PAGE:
Researchers also believe that babies from bilingual homes develop better cognitive functions by simply listening to two different languages. Even in situations when a bilingual learner is speaking in only one language, the truth is that his/her brain has both language systems running. This shows that the brain is working extra hard to process more information and giving the person increased brainpower.
There’s also compelling evidence that bilingualism can protect the brain from illnesses related to mental aging, such as Alzheimer’s and other forms of dementia. Thanks to the efficient utilization of their brain networks, Bilinguals are better equipped to stave off cognitive decline as they age. The appearance of symptoms like memory loss and problem-solving difficulties are delayed by as much as five years.
3. Global Citizenship
Bilingualism develops not only language skills but also social skills that help form relationships with people from different cultures or backgrounds. Bilingualism can teach your children one of the most important values in life—empathy, or the ability to be perceptive and accepting of others. So, even at a young age, your kids can contribute to social formation while learning a new language. Of course, there’s the bonus of your children being able to travel in different countries with ease. While they can get around many places without speaking the language, the experience becomes a lot more fun if you or your children know how to speak the local language of the place you’re visiting. No need for a mobile app translator when you have to get something from the grocery store or ride public transport!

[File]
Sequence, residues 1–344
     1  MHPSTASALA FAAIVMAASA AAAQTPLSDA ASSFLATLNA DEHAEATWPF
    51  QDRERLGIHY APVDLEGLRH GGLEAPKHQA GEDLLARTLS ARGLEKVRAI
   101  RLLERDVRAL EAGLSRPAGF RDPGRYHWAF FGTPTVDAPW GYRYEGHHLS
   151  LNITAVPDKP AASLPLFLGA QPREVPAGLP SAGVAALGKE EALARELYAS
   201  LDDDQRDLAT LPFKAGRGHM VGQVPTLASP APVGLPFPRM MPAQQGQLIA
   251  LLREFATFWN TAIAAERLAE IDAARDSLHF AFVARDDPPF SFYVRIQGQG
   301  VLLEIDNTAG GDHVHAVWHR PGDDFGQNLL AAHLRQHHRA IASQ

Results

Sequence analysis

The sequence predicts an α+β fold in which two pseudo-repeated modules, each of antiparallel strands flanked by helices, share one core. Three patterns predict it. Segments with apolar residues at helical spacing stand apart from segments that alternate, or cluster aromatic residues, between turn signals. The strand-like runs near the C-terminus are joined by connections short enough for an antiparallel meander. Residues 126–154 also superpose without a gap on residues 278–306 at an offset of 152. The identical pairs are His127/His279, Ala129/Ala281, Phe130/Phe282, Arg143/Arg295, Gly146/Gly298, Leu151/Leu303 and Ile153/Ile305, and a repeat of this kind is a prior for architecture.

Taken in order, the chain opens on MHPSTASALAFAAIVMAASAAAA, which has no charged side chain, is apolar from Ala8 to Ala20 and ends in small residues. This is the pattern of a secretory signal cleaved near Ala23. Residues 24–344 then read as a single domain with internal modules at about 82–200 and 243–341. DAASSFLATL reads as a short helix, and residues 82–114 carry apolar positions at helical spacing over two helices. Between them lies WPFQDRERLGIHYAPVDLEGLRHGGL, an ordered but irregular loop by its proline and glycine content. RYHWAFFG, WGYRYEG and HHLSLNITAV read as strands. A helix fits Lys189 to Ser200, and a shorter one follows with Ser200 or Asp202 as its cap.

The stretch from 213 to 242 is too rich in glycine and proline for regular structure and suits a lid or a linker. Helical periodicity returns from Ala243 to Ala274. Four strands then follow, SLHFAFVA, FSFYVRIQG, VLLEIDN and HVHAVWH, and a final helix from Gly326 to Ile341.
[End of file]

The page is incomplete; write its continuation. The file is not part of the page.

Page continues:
4. Career Competitiveness
Truth be told, the career opportunities between bilingual professionals and monolingual workers aren’t always equal, as some employers prefer candidates who are fluent in two or more languages.
For jobs that require bilingual skills, companies are willing to pay by the hour with an extra rate of 5% to 20% on top of their base salary. Companies do this to compensate staff who can help increase the company’s revenue by using their communication skills to break through international markets, not to mention that foreign languages are not the easiest language to learn.
Also, with over half of the world’s population being either bilingual or multilingual, there are countries where being a bilingual speaker is the bare minimum. For example, in Canada, certain job positions seek candidates with knowledge of a third language aside from the required competence in English and French.
Chinese speakers are also in demand, which should tell you and your children why you should learn Chinese at home. As businesses in many parts of the world recognize China’s role in the global economy, Chinese-speaking individuals can find a wide range of career opportunities that may not be available to non-Chinese speakers.
Online Chinese classes are a good first step in ensuring that your children have a better chance of getting their dream job.
Being Bilingual Is Good for Kids
Teachers, parents, psychologists, and other stakeholders are clear about the multiple benefits of bilingualism for children. On top of the learning advantages associated with bilingualism, the rise of global markets underlines the growing importance of speaking more than one language.
Equip your child with the cognitive advantage that comes with learning another language and prepare them for the future by raising them bilingual.
Don’t know where to start? Enroll your children in Ni Hao’s online Chinese classes!